The Players

They Fought Like Wildcats Centennial (1914-2014): Lawrence Richard Jackson, right end

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TABLE OF CONTENTS:
General history
J.F. “Pop” McKale
The games
Comparisons then and now
Wildcats nickname
Military service
Rankings
The players

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Clipping of actual L.A. Times article published Nov. 8, 1914

Clipping of actual L.A. Times article published Nov. 8, 1914

Excerpt from L.A. Times, Nov. 8, 1914, authored by Bill Henry:

“Arizona’s cactus-fed athletes, despite heroic efforts on the part of their two halfbacks, (Asa) Porter and (Franklin) Luis, went down to defeat before the Occidental Tigers yesterday afternoon, the tally with all precincts heard from being 14 to 0 in favor of the Tigers.
Confident of rolling up a big score, the Tigers took the field with grins on their faces, but before the game was 10 seconds old they knew they had a battle on their hands.
The Arizona men showed the fight of wild cats and displayed before the public gaze a couple of little shrimps in the backfield who defied all attempts of the Tigers to stop them.”

This site will conduct a countdown in a 100-day period, leading up to Arizona’s 2014 football season-opener with UNLV on Aug. 29 at Arizona Stadium. The 100 Days ‘Til Kickoff countdown will include information daily about the historic 1914 Arizona team that helped create the school’s nickname of “Wildcats” because of how they played that fateful day against Occidental.

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In the next few days, the series will provide multiple quick facts of each player. Today’s player is:

Lawrence Jackson had a reputation of being a jokester, although he was counted on in a leadership role

Lawrence Jackson had a reputation of being a jokester, although he was counted on in a leadership role

Lawrence Richard Jackson (1892-1961)
Senior right end from Santa Monica, Calif.

Jackson, called “Jack” by his classmates, was a valuable senior for Arizona’s 1914 team on and off the field as a three-year letterman. Reports indicate that Jackson was a “queener”, a 1914 term for somebody who likes to joke around. He kept the team loose but he was also structured. He was part of the battalion on campus.

J.F. “Pop” McKale, in his first year as coach, instituted the “A” Club, signifying an official athletic organization for all sports on campus. McKale chose Jackson as president of the first “A” Club.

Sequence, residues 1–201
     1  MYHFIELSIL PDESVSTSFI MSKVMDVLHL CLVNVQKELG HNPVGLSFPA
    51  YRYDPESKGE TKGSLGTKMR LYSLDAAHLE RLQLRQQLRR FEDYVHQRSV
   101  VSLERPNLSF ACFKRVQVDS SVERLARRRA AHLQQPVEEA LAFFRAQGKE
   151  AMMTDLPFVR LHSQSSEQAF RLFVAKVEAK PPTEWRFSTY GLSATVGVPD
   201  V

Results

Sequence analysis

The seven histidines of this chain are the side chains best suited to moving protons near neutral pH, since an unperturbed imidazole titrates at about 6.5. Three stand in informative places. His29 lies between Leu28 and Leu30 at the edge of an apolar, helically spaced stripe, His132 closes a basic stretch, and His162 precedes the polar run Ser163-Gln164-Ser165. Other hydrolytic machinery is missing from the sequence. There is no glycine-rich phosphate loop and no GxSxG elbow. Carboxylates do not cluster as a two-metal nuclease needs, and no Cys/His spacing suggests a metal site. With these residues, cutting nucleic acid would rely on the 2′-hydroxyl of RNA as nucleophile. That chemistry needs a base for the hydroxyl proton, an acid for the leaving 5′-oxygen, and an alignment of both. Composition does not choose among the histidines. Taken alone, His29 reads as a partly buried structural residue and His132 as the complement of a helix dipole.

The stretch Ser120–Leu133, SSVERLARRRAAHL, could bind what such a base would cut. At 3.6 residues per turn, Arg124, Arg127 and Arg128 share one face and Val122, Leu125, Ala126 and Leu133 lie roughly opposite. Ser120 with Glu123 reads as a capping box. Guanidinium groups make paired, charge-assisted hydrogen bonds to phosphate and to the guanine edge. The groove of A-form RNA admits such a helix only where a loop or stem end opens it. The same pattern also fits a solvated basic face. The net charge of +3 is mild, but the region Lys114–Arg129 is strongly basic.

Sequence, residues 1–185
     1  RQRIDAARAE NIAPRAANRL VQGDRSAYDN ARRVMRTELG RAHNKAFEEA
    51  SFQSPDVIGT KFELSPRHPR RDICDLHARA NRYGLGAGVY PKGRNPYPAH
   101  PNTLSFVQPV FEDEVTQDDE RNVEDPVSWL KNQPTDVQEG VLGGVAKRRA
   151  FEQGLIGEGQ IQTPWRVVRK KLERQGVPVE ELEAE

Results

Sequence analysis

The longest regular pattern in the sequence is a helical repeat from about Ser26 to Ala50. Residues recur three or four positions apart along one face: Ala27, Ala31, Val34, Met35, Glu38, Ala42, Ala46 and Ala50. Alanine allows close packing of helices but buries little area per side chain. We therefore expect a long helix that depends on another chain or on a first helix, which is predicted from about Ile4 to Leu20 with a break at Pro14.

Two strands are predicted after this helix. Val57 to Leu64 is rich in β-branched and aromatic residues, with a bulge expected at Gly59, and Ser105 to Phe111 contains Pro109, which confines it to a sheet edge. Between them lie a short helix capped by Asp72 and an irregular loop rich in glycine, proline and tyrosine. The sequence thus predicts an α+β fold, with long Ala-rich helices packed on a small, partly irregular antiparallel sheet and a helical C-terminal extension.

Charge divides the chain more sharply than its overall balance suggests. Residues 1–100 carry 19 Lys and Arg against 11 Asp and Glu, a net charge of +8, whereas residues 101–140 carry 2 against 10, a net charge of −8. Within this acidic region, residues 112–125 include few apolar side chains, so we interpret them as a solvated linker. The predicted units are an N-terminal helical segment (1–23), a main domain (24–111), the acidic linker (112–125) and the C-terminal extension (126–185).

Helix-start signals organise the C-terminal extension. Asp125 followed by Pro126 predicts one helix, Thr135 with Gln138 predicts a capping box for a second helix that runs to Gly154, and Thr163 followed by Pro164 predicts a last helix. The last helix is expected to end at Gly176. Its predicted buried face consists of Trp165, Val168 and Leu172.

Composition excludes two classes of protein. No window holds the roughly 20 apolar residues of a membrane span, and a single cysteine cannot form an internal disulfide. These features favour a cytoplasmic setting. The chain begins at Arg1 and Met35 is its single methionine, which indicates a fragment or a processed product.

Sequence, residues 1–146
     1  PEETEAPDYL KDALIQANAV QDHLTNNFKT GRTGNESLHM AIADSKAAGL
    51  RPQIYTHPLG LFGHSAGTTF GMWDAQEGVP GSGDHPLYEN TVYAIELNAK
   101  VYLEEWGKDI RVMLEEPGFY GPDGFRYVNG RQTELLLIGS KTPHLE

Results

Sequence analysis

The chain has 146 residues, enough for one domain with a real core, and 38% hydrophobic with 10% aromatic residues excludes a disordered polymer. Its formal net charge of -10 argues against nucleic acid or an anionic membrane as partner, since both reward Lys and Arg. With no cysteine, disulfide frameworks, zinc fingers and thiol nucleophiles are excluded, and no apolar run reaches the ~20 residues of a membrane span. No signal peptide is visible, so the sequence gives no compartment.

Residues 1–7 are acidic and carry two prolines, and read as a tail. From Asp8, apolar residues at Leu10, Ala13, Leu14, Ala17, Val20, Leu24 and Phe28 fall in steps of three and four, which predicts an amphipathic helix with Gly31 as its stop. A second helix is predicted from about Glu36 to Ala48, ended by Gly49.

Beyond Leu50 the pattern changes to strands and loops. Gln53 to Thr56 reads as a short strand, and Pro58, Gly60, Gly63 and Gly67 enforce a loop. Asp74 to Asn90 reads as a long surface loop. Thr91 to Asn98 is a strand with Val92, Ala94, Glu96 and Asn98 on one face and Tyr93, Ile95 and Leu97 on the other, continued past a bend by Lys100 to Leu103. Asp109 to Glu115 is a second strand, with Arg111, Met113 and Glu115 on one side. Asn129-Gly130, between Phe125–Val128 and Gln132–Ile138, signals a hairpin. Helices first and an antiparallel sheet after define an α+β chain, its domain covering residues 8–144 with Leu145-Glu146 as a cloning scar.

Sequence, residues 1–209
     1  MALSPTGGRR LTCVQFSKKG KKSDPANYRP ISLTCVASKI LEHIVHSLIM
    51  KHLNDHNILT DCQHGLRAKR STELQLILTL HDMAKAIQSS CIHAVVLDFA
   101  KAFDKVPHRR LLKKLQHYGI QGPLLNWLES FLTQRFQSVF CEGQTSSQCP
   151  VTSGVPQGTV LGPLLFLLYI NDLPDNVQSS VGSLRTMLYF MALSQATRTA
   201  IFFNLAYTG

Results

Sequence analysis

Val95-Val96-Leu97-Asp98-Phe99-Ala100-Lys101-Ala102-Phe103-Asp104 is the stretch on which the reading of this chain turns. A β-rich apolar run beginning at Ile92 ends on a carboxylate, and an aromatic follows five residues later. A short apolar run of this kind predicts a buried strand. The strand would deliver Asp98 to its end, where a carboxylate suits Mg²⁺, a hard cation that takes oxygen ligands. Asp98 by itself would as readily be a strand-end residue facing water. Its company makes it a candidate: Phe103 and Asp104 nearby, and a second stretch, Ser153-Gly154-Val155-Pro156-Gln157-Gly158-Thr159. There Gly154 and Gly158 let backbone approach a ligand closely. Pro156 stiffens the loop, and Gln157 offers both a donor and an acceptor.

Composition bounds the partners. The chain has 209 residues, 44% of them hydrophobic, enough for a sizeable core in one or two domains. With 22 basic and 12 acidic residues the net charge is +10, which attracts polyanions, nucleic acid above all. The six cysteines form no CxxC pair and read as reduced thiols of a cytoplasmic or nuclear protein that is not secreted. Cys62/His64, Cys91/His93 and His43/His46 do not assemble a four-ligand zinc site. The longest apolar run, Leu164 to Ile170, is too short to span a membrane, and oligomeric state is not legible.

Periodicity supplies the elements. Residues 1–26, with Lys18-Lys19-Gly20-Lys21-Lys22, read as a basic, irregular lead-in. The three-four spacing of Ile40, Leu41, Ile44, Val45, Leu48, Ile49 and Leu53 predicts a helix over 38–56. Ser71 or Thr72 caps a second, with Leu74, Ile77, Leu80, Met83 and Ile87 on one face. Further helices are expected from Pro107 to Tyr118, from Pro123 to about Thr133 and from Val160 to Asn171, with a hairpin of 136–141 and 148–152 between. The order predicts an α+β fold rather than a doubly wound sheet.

Jackson’s senior season in 1914 came to an abrupt end when he suffered a broken arm against New Mexico State in the second-to-last game of the season.

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THE LAST WEEK IN THE SERIES:

No. 33: Albert Condron, left tackle
No. 34: Richard Meyer, quarterback
No. 35: Harry Ellsworth Turvey, fullback
No. 36: Orville “Speedy” McPherson, fullback
No. 37: Turner Church Smith, left guard
No. 38: Ernest James Renaud, fullback
No. 39: Franklin Luis, halfback

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He was also an actor at Arizona, starring in a role in “The Man From Home” play during the school year in which Arizona played its legendary game against Occidental.


Caption here

The 1914 Arizona football team that earned the honor of being named the first “Wildcats” was composed of (front row, left to right): Verne La Tourette, George Seeley, Leo Cloud, Richard Meyer, Asa Porter. Second row: Franklin Luis, Lawrence Jackson, Ray Miller, J.F. “Pop” McKale (coach), Turner Smith, Harry Hobson (manager), Orville McPherson, Albert Crawford, Ernest Renaud. Back row: Albert Condron, Emzy Lynch, Charley Beach, Vinton Hammels, Bill Hendry, George Clawson, Harry Turvey.
(AllSportsTucson.com graphic/Photo from University of Arizona Library Special Collections)

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What they were talking about on this day in 1914

Tuesday, July 28, 1914

Austria declares war on Serbia generating what we now know as World War I, or the “Great War”. This telegraph was sent by Count Leopold von Berchtold (Austro-Hungarian Foreign Minister) at 11.10 am to M. N. Pashitch (Serbian Prime Minister and Foreign Minister), who received it at 12.30 pm:
Vienna
28 July 1914
The Royal Serbian Government not having answered in a satisfactory manner the note of July 23, 1914, presented by the Austro-Hungarian Minister at Belgrade, the Imperial and Royal Government are themselves compelled to see to the safeguarding of their rights and interests, and, with this object, to have recourse to force of arms.
Austria-Hungary consequently considers herself henceforward in state of war with Serbia.
Count Berchtold

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Jackson came to Arizona from Santa Monica, Calif., where his parents moved from their native England. After earning a bachelor of science degree in engineering, Jackson worked as a mining engineer for Bunker Hill Mining Co. in Tombstone. He married Sarah C. Hoy of Bisbee in 1917. Hoy and Jackson met while attending Arizona.

Records indicate Jackson went to New York City in 1937 to ride a ship to London, most likely to visit where his parents came from. He passed away at age 69 on Dec. 17, 1961, after relocating to Phoenix with his wife to work as a salesman.

ALLSPORTSTUCSON.com publisher, writer and editor Javier Morales is a former Arizona Press Club award winner. He also writes articles for Bleacher Report and Lindy’s College Sports.

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